Shape Dimensions is an online portal that connects 3D modelers and customers to a network of printers to enable local printer-to-customer transactions.
“A Thingiverse designer found one of her designs being sold on eBay by a company called Just 3D Print in actual printed product, not the design file. In fact, what she found was this company had taken over 2,000 files from Thingiverse and put them up as individual items for sale on eBay that they would print. That included these specific photographs of items from Thingiverse or the Thingiverse CAD rendered image of the object. They had downloaded all the stuff from Thingiverse, put it up on eBay as if it was their own with no credit or retribution, and sold the products for profit. They were taking those files. You pick one, they print it, and they send you the printed product.” (3D Start Point)
This testimonial trend of 3D designers is perhaps one of the most modern iterations of intellectual property violations. The legal protection of creativity is something that has been long fought for, whether it be determining the true inventor of calculus (Leibniz v. Newton) or securing the right to use a striped logo for athletic footwear (Adidas v. Payless). During the age of the internet, however, the caliber of these debates has escalated. Particularly in the artistic community, who has the opportunity to reach a broader audience but risks having their ideas stolen on the world wide web, this form of infringement is becoming devastatingly ordinary.
Understanding this issue of the creative commons fuels iVenture 8’s startup, Shape Dimensions. The venture aims to protect 3D designers from copyright violations while offering them a platform by which they can present their models to a wide audience. Shape Dimensions believes the 3D printer to be the “printing press of our era,” and with an immense power to create comes great responsibility.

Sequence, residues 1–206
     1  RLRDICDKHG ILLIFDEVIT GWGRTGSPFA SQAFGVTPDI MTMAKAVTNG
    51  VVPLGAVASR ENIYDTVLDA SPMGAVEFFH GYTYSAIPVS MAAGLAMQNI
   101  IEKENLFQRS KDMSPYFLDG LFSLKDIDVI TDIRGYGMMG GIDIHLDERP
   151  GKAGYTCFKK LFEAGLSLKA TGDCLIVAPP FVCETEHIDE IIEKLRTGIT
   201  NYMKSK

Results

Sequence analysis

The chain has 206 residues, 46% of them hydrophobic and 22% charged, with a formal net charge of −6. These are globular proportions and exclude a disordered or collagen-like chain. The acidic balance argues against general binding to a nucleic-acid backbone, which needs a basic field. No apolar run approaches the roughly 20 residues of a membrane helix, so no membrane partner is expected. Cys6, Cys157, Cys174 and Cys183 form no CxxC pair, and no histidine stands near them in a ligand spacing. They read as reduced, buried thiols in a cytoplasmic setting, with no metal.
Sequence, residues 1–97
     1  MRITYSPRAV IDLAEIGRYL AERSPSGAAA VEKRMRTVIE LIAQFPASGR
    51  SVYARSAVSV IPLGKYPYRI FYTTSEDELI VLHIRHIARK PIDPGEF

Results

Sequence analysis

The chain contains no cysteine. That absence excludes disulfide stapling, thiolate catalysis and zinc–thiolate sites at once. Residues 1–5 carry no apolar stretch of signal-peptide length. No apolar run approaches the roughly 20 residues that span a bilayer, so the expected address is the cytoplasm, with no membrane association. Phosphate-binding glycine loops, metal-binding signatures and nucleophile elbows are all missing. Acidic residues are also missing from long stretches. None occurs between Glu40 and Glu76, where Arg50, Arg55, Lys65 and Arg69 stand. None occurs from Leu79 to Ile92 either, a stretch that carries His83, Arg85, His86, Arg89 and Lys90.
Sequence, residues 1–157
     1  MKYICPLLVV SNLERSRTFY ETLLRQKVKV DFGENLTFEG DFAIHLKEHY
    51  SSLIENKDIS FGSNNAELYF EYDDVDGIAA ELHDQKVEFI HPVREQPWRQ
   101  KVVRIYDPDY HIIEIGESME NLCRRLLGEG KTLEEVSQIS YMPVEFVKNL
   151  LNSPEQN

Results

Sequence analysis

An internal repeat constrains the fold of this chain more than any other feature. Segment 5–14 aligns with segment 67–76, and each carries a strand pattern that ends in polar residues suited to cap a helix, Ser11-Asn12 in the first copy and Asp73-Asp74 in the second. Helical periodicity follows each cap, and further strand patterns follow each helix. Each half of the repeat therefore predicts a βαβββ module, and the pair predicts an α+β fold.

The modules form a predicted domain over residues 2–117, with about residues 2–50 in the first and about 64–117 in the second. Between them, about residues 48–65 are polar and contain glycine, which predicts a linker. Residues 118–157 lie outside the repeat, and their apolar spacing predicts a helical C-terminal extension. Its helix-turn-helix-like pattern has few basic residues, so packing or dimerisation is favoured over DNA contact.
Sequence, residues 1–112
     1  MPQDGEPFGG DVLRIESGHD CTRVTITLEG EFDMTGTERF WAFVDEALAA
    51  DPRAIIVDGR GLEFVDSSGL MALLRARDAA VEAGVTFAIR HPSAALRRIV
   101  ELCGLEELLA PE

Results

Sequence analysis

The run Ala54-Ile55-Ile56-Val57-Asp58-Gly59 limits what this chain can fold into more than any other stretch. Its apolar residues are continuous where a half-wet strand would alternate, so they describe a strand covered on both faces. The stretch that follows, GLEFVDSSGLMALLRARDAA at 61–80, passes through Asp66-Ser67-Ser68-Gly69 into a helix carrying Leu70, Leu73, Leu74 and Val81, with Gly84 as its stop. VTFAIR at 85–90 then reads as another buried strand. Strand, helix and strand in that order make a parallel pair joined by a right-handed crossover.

Thus far, the team has conducted nearly 30 customer discovery interviews, and the findings are clear. There is a need for a marketplace for 3D designs that both increases visibility and maintains integrity. For instance, Mike Szczerba, founder of Shape Dimensions, summarizes inciteful interactions with Etsy designers who,
“Oftentimes had to make their own 3D printing farms in order for their products to see the light of day.”
One of these designers in particular even got IKEA to express interest in selling their design while paying attribution, but they weren’t able to find a printer who could make this opportunity into a reality. What’s unique about Shape Dimensions is that it aims to create a network of printers across the globe that can not only satisfy the demand for 3D-printed products designed by these visionaries but also enable printers to earn passive income through the existing infrastructure they already own. This untapped possibility was discovered by Szczerba during his early age encounters with 3D printing.